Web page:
Breast Cancer Information - Stay Informed

Post by: Mel at 11:03 AM on Wednesday, Oct 06 2010 in News | Permalink | Contact

What is breast cancer?

Breast cancer forms in the tissues of the breast and is usually found in the ducts (milk tubes) and lobules (milk making glands).  

Who can get breast cancer?

Breast cancer is found in both men and women.  Although breast cancer in men is rare, it can occur.

Am I at risk of getting breast cancer?

Being a woman automatically puts you at risk for breast cancer!  Also the following factors put you at risk

  • age
  • age at the start of menstruation
  • age at first live birth
  • number of first-degree relatives (mother, sisters, daughters) with breast cancer
  • number of previous breast biopsie (whether positive or negative)
  • at least one breast biopsy with atypical hyperplasia

source: http://www.cancer.gov/bcrisktool/breast-cancer-risk.aspx

Will a mammorgaphy prevent Breast Cancer?

No, but they can help saves lives by finding breast cancer as early as possible, which means the early you find breast cancer, the earlier you can undergo treatment and keep your breasts. When caught early, localized cancer can be removed without needing a mastectomy.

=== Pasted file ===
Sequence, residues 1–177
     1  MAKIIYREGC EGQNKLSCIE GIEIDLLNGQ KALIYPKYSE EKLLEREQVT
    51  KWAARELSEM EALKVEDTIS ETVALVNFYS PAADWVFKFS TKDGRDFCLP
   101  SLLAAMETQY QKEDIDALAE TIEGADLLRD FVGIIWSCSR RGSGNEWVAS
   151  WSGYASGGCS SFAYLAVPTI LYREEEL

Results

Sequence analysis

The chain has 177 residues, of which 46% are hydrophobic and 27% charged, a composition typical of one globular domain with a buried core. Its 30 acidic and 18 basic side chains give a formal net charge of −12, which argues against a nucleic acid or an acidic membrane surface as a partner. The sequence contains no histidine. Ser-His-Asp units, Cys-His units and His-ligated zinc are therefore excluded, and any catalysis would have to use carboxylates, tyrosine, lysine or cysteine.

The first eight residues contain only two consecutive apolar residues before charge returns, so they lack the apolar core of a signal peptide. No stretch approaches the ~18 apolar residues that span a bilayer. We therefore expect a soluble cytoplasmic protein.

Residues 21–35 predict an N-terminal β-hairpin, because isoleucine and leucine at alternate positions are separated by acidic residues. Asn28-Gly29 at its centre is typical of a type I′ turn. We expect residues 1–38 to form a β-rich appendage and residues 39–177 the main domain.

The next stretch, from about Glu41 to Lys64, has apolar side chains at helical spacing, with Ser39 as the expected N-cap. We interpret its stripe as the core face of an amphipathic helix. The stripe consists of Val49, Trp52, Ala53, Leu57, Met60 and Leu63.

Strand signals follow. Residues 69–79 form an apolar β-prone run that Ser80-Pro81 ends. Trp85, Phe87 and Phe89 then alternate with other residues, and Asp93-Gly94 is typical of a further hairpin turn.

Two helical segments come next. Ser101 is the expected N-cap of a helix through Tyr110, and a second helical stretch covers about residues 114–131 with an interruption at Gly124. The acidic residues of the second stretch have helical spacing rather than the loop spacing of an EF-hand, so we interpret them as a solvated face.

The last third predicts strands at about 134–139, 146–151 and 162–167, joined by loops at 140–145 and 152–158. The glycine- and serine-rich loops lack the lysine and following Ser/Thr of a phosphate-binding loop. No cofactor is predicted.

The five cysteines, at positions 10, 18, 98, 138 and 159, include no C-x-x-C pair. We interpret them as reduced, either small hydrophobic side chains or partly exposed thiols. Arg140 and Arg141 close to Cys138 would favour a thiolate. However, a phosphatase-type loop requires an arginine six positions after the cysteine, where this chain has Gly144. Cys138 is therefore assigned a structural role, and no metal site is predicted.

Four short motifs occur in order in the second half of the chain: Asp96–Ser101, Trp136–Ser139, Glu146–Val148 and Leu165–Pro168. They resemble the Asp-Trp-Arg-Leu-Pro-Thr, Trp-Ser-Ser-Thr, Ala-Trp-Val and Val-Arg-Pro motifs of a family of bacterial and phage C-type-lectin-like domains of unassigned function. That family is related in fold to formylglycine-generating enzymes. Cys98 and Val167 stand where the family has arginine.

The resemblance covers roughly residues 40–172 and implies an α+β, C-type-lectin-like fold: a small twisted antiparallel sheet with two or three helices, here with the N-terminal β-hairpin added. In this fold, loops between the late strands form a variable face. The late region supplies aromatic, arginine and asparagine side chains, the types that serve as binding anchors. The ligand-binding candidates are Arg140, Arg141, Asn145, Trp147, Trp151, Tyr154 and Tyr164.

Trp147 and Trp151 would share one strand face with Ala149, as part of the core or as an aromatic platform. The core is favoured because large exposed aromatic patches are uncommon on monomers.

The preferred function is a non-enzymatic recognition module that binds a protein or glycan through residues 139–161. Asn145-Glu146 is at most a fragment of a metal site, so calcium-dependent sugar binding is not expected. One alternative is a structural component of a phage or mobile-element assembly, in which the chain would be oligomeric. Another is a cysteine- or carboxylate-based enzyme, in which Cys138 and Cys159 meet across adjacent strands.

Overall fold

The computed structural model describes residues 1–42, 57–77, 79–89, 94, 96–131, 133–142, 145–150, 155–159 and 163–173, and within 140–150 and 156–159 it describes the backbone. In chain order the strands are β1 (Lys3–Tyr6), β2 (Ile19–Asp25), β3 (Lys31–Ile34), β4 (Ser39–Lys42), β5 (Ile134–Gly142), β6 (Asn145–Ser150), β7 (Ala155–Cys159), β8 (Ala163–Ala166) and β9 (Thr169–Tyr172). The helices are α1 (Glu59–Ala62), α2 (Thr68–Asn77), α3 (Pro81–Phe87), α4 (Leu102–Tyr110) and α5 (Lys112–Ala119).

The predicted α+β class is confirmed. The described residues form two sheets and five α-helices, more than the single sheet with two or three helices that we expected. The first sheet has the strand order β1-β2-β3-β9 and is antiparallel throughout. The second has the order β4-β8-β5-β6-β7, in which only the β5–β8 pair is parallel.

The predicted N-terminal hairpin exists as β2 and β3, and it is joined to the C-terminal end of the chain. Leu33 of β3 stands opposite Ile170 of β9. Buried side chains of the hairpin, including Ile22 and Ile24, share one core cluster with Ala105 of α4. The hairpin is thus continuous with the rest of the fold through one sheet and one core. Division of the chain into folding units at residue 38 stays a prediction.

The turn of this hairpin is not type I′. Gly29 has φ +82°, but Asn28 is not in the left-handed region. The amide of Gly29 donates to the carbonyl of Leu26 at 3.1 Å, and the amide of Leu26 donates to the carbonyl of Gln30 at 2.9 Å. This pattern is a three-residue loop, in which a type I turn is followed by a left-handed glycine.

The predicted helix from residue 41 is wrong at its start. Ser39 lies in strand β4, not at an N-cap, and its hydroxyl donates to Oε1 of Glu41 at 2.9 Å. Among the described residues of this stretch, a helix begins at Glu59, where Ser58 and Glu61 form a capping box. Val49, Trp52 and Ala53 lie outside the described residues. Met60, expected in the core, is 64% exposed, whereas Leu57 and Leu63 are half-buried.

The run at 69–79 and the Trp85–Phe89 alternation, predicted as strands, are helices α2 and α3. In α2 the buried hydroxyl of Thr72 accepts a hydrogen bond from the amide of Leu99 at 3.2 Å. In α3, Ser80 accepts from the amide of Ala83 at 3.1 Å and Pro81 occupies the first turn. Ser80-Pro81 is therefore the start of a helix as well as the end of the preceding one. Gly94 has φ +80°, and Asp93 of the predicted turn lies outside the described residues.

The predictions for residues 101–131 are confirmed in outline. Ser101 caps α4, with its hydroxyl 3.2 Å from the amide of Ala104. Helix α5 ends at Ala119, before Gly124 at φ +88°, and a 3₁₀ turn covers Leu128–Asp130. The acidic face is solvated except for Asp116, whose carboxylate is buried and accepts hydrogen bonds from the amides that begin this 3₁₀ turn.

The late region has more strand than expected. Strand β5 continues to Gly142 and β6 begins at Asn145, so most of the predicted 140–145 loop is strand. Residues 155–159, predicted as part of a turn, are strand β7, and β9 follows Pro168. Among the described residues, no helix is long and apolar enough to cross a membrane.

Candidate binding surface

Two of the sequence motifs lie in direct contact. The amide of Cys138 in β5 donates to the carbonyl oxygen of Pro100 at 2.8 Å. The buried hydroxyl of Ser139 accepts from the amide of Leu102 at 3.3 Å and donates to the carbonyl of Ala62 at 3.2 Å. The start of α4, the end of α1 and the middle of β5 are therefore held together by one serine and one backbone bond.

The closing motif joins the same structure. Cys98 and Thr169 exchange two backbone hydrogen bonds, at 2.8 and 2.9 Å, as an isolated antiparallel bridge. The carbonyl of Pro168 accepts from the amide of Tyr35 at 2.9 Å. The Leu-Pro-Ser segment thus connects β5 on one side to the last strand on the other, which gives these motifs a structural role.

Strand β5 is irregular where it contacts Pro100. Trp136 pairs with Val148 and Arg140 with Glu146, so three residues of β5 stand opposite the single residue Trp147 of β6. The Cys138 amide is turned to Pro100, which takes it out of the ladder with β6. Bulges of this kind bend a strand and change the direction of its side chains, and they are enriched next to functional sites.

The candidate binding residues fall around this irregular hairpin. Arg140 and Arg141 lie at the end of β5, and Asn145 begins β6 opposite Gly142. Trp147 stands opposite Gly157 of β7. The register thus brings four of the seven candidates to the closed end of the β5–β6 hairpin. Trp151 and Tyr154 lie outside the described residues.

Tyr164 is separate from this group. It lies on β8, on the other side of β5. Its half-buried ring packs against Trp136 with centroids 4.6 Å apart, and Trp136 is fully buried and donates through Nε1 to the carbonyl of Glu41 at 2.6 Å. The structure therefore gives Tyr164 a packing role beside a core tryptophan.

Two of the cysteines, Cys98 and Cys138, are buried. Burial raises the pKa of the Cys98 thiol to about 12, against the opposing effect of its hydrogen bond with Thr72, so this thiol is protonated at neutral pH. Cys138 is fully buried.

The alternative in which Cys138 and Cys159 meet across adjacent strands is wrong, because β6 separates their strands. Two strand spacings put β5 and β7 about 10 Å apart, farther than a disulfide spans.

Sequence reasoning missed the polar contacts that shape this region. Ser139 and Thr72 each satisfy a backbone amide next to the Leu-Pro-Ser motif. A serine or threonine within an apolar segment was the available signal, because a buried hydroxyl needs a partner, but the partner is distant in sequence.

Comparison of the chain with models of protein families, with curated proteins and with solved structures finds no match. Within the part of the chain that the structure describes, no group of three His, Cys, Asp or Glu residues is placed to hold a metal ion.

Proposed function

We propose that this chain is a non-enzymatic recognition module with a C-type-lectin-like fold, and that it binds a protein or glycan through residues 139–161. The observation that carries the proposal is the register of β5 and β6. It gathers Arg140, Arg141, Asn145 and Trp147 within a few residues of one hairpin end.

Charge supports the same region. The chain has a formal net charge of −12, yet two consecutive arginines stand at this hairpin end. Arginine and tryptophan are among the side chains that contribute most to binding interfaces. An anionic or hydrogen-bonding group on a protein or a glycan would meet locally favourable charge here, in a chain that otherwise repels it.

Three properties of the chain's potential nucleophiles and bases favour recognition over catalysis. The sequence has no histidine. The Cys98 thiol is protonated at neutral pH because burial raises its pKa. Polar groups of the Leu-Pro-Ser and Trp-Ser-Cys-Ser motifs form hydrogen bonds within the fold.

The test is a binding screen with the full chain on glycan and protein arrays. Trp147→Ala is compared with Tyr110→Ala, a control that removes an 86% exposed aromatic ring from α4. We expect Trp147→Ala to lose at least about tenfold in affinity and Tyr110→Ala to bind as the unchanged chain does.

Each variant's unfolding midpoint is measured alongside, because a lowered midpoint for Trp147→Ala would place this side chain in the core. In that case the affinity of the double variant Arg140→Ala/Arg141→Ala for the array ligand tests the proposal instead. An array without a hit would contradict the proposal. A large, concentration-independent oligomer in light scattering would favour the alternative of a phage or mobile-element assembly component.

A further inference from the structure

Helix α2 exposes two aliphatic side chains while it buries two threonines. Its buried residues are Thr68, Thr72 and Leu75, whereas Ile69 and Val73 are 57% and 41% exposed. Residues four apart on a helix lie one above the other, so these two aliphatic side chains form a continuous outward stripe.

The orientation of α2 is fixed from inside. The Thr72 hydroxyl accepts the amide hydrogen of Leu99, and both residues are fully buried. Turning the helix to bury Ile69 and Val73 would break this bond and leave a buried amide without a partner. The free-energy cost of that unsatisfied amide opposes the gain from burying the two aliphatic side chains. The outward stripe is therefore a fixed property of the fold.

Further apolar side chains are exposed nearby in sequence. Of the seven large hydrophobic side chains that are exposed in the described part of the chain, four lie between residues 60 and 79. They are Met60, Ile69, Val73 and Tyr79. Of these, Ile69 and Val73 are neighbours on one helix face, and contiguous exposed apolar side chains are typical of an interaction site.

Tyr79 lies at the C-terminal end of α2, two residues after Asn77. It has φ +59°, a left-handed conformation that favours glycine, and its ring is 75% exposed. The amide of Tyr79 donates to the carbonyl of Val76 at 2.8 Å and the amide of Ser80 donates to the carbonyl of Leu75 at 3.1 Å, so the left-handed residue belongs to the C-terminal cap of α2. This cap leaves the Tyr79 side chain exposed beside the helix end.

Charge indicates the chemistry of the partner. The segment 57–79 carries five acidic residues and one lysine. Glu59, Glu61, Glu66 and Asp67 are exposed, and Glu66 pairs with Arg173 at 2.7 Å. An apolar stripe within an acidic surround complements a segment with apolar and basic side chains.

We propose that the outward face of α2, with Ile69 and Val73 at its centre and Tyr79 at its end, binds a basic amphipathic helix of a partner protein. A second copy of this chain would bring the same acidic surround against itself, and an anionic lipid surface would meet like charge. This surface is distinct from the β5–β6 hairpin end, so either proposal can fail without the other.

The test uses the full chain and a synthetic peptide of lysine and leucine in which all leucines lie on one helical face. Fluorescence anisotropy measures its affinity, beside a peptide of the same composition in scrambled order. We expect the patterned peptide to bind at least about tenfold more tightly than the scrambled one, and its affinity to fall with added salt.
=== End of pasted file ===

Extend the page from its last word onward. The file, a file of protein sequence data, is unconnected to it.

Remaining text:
The biggest risk you take by getting a mammorgraphy is the fact that the test isn't perfect and that the cancer can hide and not show up (ie. a flase negative). However, with regular checkups, breast self-exams and mammographies, the chances of finding breast cancer early is higer than not getting a mammorgraphy at all. Beginning at age 40, you should start to get an annual mammorgraphy.

I found a lump, so that means I have breast cancer?

Not necessarily.  8 out of 10 breast lumps are benign (not cancerous).  If you find a lump or change in your breast tissue, contact your physician and take charge of your health. Sometimes we would rather not go to the doctor (myself included)  because we are afraid of what they will find.  But knowing about it and getting it treated can save your life.  So put the fear aside and make an appointment with your doctor.

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Every 69 seconds a woman dies from breast cancer.  Check out 69seconds.org and find out how you can continue to help!

To find out if you are at risk, please check out the Breast Cancer Risk Assessment Tool.

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